Next up in my cheat sheet series — what is and using Docker

Something to understand from the get-go is Containers have been around for a while (Linux Containers, or LXC). Docker is just an orchestration system designed to manage containers. The skinny on what containers are is they are Linux namespaces to separate them from other namespaces, effectively making them look like a isolated island even though they are all connected by a common OS (usually some flavor of Linux).

Think of VMware vm’s off a host, everyone is isolated but tired to that physical host. Or think of a switch/router VRF instance. VRFs separate a routing table but its still tied to a physical router or switch. Thus, containers can “leak” into other containers if you choose to being on the same OS, just like we can do VRF leaking on our routers. Nice thing with this is unlike vms, you don’t need to manage a separate OS per vm, its all the same vm. Container is just spinning up a process or task, not the entire OS! Makes the container much lighter than a full blown vm.

Nuff said, if you’ve been following my blog posts you know I’ve been saying this almost a year already. All these cloud tools will make MUCH more sense to you if you learn the basics of Linux.

As I said before, Docker is like the orchestration tool used to manage the containers. Docker uses a concept of images/templates, and using this predefined template uses it to create an image.  Images may hold a whole OS or a service like Apache. The image in turn is used to spin off containers, so multiple images can be used to make a container. Why do we need multiple containers? Maybe test an app and then kill off the container, or you want to run a process then change it later on. By using containers, you can spin up “vms” on the fly and much quicker than a full blown vm that we’ve had to do in the past.

Like Chef’s Supermarket, Docker has a “store” called Docker Hub with a bunch of Docker images contributed by the community.

A list of supported OS’ are here as well as their installation instructions. Rejoice Windows users, you can now install Docker as well (however, there is no GUI, its technically a Linux vm installed in Windows and you can manage it via CLI or PowerShell)! For Linux its a pretty straightforward process, you can do the whole thing in 5-10 minutes!

In Lunx its a simple command, use the sudo docker run command.

You can use a Linux bridge to connect multiple containers together. If you do a ifconfig, you’ll see dockerX listed, thats the local server subnet that the containers you create will use. So when you spin up a container, you’ll see their eth0 interface the same subnet as the dockerX interface (a RFC1918 assigned subnet).  A veth gets created to use as a l2 bridge so that it can get out of the host box if it needs to. Also ensure iptables is allowing this type of communication.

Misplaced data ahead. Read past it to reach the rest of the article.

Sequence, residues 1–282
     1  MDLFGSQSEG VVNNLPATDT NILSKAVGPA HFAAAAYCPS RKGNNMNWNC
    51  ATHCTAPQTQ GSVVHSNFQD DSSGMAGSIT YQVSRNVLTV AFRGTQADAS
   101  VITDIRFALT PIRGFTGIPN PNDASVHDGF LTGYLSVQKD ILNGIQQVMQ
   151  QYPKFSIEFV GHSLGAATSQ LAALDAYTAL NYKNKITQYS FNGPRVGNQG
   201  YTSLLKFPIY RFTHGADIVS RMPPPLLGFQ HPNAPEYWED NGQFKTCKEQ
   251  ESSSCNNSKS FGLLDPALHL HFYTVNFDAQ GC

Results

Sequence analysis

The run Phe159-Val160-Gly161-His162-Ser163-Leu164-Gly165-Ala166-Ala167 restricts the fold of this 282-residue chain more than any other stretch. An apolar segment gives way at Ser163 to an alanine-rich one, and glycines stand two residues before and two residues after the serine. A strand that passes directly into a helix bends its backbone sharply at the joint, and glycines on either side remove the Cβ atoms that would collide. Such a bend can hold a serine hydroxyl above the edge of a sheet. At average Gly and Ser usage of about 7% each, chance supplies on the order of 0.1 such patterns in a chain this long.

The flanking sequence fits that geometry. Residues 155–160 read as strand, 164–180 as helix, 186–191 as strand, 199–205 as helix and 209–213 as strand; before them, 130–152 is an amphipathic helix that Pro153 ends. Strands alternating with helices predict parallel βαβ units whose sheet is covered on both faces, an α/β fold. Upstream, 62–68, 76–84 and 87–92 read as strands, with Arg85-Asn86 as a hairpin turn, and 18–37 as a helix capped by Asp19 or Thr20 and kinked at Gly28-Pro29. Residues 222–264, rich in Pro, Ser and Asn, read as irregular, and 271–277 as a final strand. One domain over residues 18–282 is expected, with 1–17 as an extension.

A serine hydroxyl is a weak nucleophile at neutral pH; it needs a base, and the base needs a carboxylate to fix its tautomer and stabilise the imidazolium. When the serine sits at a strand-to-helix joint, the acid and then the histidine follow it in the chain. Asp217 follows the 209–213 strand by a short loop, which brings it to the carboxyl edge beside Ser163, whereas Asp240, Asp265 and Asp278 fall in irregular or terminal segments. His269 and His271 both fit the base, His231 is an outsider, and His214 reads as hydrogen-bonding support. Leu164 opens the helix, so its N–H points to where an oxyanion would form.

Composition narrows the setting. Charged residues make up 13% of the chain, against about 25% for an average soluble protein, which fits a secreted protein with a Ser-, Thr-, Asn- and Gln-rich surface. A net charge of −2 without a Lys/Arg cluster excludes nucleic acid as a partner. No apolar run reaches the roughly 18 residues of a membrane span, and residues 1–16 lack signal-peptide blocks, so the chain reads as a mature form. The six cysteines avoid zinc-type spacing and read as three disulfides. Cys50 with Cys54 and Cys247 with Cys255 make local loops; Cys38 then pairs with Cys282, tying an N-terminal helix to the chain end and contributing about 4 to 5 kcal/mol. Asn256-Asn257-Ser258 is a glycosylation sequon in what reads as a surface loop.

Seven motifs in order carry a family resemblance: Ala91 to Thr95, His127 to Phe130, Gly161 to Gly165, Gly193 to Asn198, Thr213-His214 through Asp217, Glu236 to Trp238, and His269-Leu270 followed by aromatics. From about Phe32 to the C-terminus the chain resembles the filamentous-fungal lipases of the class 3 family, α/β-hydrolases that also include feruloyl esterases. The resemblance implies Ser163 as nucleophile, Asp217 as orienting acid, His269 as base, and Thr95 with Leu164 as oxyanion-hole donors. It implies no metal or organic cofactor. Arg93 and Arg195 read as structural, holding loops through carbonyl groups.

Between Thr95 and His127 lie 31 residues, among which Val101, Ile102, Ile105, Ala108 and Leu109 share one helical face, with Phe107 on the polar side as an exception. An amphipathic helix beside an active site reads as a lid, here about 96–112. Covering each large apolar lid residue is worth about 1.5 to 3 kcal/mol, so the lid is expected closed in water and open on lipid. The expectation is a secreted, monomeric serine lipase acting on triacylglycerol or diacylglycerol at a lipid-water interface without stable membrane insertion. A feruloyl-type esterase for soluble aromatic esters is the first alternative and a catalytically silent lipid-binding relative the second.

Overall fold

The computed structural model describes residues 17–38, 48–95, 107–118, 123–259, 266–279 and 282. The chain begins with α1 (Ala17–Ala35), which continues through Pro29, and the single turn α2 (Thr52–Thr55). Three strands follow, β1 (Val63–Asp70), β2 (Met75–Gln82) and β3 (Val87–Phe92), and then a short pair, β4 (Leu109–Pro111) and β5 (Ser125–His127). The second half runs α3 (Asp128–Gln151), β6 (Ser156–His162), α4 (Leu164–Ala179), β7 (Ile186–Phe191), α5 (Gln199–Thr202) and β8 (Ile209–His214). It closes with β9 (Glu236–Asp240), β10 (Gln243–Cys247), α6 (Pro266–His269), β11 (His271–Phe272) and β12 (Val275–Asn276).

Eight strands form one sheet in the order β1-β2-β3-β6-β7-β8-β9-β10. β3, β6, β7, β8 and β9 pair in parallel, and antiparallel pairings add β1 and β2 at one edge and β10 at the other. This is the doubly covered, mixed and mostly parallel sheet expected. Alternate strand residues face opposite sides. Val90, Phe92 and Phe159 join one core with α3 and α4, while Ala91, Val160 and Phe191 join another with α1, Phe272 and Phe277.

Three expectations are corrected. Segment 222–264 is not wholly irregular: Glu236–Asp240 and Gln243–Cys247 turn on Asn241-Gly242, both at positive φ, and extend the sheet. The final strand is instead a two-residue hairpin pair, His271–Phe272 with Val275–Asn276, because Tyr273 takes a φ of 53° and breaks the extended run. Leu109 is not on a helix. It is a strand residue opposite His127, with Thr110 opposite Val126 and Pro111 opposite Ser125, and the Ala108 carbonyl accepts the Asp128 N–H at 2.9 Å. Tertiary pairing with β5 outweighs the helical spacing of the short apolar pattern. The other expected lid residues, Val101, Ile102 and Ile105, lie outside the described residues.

Furthermore, we can use Port Fowarding from our Docker private subnet to the host IP so the rest of our networking can talk to our Docker processes. use the sudo docker run -p command to change the port for a container.

For more info about Docker networking use this doc.

So there IS a GUI for Docker, one of the popular ones is Kitematic. Its a download for Mac and Windows. Check out there site but there are a few out there so google away.

One thing I’ve been loving about the open source community is the documentation, its usually on point without fluff that we see from major vendors. To learn more about Docker, visit their user guide here.

sudo docker run                 specific an app or script into a container
sudo docker ps                   see currently running containers
sudo docker start | stop    being that a container is like a process, we can stop/start containers on the fly!
sudo docker images          view list of images you have
sudo docker search           search from the CLI Docker Hub images



William Zambrano

William Zambrano

NYC networkers is run by William Zambrano, a passionate network engineer who has been in the IT industry for eight years who posts up blog articles, YouTube videos, and holds events in the NYC area. He lives in Queens, New York and has consulted in various different companies in the NY area. Previously William worked as a Cisco Certified Systems Instructor (CCSI) but now currently works for Arista Networks serving as a Systems Engineer. William can be reached by email at

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